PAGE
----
Car dealer renews scholarship offer

But school principal rejects money after getting other gifts

June 04, 2008|By Sara Neufeld | Sara Neufeld,Sun reporter

Reacting to public outrage, a Southeast Baltimore car dealer renewed its offer yesterday to give $8,400 in college scholarships to four Patterson High School students, but the school's principal turned the money down.

Principal Laura D'Anna said she received dozens of phone calls and e-mails yesterday from people willing to donate money for student college scholarships. She said she will be able to give the four students twice what Castle Toyota/Scion had initially promised them and give money to some of their classmates as well.

The Sun reported yesterday that Castle had withdrawn its scholarship offer. The dealership's owner, Howard Castleman, was upset that D'Anna decided not to permit media to attend the school's senior farewell awards assembly where the scholarships were to be presented. The May 23 assembly took the tone of a memorial service after the school's longtime JROTC instructor died of a heart attack a few days earlier.

Marcia Castleman, wife of Howard Castleman, said her husband did not know the scholarships had already been promised to four students when he withdrew his offer and decided instead to give the money to the Community College of Baltimore County. As the dealership was bombarded with angry calls, she called the city school system yesterday to offer to give the money after all, but D'Anna declined.

Castle had initially promised four students $2,100 each, the cost of one year's tuition at Baltimore City Community College, the school they plan to attend. D'Anna said last night that she hadn't had a chance yet to count up the donations the school received yesterday, but she said she will have more than enough to cover two years of tuition at the community college for the four students.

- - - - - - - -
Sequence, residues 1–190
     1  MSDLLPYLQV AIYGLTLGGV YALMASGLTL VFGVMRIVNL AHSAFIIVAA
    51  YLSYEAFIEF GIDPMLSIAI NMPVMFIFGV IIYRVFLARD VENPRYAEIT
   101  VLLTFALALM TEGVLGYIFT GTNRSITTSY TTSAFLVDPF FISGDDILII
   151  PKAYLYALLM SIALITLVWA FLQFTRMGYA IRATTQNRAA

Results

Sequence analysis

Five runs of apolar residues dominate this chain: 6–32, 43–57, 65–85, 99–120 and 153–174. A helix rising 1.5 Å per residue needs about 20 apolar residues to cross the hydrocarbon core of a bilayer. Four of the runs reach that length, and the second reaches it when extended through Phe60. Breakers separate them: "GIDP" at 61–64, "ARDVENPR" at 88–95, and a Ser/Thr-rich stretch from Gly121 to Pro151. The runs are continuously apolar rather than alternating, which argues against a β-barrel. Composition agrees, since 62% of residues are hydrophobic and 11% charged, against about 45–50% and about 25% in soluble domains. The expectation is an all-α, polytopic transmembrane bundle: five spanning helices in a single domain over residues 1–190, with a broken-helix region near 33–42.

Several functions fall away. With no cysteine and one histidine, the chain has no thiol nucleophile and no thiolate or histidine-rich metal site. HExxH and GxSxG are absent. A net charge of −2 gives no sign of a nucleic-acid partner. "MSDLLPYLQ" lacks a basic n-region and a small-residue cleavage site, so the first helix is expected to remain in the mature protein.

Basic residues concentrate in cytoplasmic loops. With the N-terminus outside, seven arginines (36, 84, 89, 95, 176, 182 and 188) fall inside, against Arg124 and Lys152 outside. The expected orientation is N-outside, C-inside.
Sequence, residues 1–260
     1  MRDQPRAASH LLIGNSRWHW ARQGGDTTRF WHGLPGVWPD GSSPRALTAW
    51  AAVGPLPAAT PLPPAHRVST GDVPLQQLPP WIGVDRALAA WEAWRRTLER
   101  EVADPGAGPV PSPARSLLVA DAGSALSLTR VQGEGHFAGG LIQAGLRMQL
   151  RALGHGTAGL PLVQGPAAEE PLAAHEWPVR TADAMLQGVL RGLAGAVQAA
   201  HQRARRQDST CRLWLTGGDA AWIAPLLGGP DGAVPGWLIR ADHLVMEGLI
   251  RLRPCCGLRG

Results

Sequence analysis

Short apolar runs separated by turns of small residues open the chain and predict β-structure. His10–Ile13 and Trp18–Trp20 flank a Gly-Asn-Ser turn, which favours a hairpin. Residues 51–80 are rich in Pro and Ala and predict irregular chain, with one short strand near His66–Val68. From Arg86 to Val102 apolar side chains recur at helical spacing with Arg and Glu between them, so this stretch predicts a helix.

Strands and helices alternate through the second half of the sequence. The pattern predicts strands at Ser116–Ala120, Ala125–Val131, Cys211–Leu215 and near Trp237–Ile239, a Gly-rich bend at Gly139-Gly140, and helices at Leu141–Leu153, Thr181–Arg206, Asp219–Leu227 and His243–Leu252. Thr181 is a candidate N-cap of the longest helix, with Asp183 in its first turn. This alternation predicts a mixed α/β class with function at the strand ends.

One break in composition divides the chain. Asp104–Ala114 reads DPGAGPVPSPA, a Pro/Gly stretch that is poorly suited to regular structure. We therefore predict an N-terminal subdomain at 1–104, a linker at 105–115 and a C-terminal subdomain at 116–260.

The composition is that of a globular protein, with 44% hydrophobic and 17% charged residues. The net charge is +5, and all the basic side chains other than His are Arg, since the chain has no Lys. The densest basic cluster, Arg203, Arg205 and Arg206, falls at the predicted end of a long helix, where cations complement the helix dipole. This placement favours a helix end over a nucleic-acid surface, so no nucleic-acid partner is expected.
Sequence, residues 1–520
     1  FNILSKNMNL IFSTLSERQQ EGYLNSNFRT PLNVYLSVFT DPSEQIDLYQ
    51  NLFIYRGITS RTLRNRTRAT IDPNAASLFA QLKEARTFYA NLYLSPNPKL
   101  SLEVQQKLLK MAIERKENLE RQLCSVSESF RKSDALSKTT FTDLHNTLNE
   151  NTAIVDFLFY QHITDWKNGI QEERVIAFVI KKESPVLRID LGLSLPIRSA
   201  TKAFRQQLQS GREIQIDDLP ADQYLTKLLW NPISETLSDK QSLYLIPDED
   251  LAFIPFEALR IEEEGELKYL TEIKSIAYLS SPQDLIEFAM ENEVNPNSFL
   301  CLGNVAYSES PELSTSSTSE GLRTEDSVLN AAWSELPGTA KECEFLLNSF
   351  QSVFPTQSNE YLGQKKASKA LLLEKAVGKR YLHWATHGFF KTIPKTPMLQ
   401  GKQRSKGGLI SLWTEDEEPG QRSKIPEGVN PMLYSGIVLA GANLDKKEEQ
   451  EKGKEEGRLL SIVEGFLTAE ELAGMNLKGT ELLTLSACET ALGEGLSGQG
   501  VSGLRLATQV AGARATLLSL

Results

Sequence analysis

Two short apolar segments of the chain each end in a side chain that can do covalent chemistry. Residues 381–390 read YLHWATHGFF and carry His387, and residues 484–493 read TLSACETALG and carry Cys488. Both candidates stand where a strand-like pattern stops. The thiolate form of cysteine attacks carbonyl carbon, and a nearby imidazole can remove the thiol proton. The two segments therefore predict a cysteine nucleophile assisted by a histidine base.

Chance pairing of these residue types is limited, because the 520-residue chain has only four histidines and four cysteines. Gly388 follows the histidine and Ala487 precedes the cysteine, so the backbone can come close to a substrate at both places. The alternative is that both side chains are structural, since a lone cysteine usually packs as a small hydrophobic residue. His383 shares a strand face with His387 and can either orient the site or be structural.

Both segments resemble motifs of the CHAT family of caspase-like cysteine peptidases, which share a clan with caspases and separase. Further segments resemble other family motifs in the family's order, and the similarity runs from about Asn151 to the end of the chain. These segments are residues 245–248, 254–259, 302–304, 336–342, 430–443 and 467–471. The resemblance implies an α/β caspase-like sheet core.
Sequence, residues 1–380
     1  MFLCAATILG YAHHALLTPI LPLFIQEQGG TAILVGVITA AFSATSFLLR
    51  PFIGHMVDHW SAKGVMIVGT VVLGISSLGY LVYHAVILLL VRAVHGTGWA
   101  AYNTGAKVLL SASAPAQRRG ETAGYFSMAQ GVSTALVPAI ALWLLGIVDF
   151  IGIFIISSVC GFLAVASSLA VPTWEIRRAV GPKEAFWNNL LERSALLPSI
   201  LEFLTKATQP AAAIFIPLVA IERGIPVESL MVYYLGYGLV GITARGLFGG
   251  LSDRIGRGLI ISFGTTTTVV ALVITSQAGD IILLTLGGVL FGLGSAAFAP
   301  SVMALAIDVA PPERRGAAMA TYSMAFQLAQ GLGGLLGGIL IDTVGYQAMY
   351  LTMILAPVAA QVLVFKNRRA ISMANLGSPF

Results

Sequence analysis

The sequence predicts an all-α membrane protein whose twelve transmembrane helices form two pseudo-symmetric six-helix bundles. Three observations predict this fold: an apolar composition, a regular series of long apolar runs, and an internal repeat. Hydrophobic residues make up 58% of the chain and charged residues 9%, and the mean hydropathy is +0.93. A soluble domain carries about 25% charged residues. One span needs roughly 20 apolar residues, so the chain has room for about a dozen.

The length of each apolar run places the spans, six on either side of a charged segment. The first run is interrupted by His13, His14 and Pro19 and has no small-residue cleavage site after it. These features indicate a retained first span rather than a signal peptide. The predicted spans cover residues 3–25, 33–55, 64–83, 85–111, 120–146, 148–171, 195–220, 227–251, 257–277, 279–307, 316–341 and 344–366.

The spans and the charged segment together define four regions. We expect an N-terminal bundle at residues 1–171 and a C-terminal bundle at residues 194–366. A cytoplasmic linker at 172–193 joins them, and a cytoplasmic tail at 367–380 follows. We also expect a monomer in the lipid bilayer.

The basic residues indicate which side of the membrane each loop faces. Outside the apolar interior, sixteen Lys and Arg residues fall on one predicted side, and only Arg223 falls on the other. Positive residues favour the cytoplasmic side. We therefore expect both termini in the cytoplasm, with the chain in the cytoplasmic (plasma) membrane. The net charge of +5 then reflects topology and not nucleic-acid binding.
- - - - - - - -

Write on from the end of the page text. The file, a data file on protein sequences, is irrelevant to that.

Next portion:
D'Anna said she will use additional money to create a scholarship fund in memory of Air Force Maj. Gerald Thomas, who died May 19 at age 61 and had worked for the school for 15 years. After reading the Sun article, Thomas' widow drove to the school yesterday to give D'Anna a contribution toward the scholarships.

"This is overwhelming," D'Anna said. "It's just wonderful. It just restores your faith in mankind. My school community is so happy. Everybody has been just so generous, and they have not asked for any publicity or acknowledgment."

City Council President Stephanie C. Rawlings-Blake, who was initially scheduled to attend Patterson's senior farewell ceremony to acknowledge Castle's contribution, said yesterday that she had facilitated the donation of $8,400 by J.P. Grant, president and CEO of Grant Capital Management in Columbia.

"I'm happy to be able to facilitate the award," Rawlings-Blake said. "It's not like [the students] were promised brownies. They were promised keys to their future."

Marcia Castleman said that Toyota requires its dealers to get publicity for donations. She said her husband has done a lot of charitable work and is "really a wonderful person."

sara.neufeld@baltsun.com

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